Vineyards Less Travelled: Fine Wines Beyond BordeauxBy Serena Sutcliffe on February 08, 2017
The highways and byways of a Master of Wine’s drinking habits might surprise some, but there has to be occasional respite from downing the finest offerings of Bordeaux and Burgundy. Even with unlimited money – unusual for a Master of Wine – the sheer joy of exploring vineyards and regions is not to be missed. It does involve the occasional skirmish with something boring, but it is often very rewarding.
As an avowed Champagne addict, I always feel a twinge of treachery when I ease the cork off other sparkling wines. However, that would be to deny such delicious English sparklers as Nyetimber, Gusbourne, and Hush Heath Estate’s Balfour Rosé. My absolute go-to bubbly is Ca’ del Bosco. Its owner, Maurizio Zanella, produces wondrous Franciacorta, crafted in a way that impresses the grandest of Champenois. His top brew, Cuvée Annamaria Clementi, is divine: astonishingly refined and moreish.
Another wine from Ca’ del Bosco that has completely won me over is Carmenero, made from the Carmenère grape, a variety that was planted widely in Bordeaux, so I have not strayed too far from the classics. There, Carmenère was largely abandoned as it was prone to degeneracy (an ailment from which a Master of Wine never suffers); here in Lombardy though, it flourishes. I love the luscious tannins, cassis, and cinnamon of this wine.
At the other end of Italy, and with my Puglian orecchiette pasta and turnip tops, I am thoroughly enjoying a lusty red: Sampietrana ‘1952’ Brindisi Riserva. A great mix of Negroamaro and Montepulciano grapes, this wine’s date refers to the year the cantina was founded, not the vintage, which is probably a good thing.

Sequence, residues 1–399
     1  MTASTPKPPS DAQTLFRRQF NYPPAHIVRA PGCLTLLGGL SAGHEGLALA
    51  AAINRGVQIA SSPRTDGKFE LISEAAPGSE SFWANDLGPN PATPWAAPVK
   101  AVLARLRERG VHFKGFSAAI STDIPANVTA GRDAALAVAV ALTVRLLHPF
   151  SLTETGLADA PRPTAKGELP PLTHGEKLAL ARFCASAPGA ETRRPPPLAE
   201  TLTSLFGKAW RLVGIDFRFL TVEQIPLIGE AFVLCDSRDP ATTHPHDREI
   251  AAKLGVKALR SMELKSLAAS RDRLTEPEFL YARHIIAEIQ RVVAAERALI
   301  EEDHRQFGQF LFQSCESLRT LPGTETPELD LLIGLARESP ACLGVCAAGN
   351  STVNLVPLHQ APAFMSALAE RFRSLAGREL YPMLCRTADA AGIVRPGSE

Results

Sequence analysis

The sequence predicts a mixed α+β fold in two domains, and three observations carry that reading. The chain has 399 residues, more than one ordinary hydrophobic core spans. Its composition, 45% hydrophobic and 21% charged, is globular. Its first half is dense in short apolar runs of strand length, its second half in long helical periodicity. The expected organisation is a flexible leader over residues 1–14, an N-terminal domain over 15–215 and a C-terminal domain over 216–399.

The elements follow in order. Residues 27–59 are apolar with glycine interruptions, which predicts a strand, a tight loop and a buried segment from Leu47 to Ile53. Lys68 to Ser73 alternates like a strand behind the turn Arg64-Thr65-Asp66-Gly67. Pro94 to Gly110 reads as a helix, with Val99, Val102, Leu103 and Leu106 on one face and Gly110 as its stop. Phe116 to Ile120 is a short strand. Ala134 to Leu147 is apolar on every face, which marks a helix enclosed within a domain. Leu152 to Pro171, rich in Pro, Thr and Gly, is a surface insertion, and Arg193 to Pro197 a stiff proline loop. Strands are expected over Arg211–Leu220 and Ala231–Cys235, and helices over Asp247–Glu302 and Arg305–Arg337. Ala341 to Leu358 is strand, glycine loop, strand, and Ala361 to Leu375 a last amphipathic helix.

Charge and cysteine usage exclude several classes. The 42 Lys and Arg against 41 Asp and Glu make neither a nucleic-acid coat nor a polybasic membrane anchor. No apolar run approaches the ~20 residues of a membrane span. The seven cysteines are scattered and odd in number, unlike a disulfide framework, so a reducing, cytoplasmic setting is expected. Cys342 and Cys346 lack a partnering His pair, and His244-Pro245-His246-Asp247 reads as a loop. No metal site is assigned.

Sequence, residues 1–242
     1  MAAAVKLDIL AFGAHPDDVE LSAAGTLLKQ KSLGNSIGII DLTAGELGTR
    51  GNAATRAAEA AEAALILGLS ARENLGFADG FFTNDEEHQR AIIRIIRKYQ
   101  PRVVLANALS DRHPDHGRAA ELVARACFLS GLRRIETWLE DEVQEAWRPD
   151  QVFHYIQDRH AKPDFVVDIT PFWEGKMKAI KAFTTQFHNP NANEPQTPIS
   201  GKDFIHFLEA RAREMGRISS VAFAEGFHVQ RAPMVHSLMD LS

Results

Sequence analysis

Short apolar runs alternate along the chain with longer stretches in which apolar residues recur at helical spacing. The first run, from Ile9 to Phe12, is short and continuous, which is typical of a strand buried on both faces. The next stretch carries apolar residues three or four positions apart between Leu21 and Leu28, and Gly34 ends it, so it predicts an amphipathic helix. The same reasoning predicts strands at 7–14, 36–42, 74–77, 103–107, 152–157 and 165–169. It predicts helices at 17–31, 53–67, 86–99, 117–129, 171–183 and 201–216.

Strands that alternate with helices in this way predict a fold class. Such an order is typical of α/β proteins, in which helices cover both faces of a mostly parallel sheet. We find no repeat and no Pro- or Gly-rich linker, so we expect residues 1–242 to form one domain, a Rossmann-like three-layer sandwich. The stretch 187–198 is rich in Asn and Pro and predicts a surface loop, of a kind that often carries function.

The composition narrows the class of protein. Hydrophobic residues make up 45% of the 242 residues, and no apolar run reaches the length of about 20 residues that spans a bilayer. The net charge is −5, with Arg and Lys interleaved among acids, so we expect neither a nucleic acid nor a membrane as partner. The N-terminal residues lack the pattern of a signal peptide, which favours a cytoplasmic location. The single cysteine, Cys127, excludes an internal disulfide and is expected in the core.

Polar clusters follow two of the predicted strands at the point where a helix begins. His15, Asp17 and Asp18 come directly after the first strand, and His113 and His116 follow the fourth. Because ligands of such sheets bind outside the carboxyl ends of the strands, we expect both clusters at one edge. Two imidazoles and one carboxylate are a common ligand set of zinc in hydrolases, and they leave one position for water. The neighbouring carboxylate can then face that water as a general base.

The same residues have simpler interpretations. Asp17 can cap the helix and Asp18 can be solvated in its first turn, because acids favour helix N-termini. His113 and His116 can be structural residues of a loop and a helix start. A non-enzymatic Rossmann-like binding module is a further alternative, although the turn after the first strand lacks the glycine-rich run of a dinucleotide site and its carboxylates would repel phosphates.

I always scamper off to Greece with my husband in the summer, so am predisposed to lap up Greek wines – not a hardship, as they have improved beyond measure in the past decade alone. Santorini has its gulpable white Assyrtiko, of course, but northwestern Greece’s Florina region is the home of Alpha Estate, a remarkable operation producing truly majestic whites and reds. I sometimes refer (out of earshot of Château Margaux owner Corinne Mentzelopoulos) to its barrel-fermented Sauvignon Blanc as the Greek Pavillon Blanc. The estate’s red Xinomavro is similarly full of personality: a stunning mouthful of blackberries and liquorice. Alpha also makes a wine from the Tannat grape, of Madiran (in southwestern France) fame, and I much prefer this to Tannat wines from Uruguay, which is slightly off my sat nav. And down in Nemea, in Greece’s southern Peloponnese region, Dijon-trained George Skouras makes tempting, juicy reds from the Agiorgitiko grape, also known as the St George variety.
A complete contrast to southern sun is the Silvaner from Bürgerspital, a wine estate in Franconia’s Würzburg. I have always adored this grape variety, and used to indulge in it from Alto Adige, in northern Italy, and Alsace. It is now rare indeed, except from these steep German slopes. The Bürgerspital has just celebrated its 700th anniversary, so they know what they’re doing – and are doing it very well indeed, as I discovered at the celebration. Apart from the zingy, mouth-watering taste of these Silvaners, when I drink them I am contributing to the care the institution provides to senior citizens through Bürgerspital’s eight residential and nursing homes – a double pleasure if ever there was one.
The first area in France I ever visited, at the tender age of 14, was the Loire Valley. As well as speaking the purest French, the locals also produce marvellous wine. After exploring all the splendid châteaux and their gardens this spring, we popped in to Yannick Amirault, my favourite grower of heavenly, sappy Cabernet Franc reds from the appellations of Bourgueil and Saint Nicolas de Bourgueil. The single-parcel Le Grand Clos went down very well while we swapped restaurant names with Amirault. And did we miss Cabernet Franc-influenced Bordeaux crus classés? Not at all.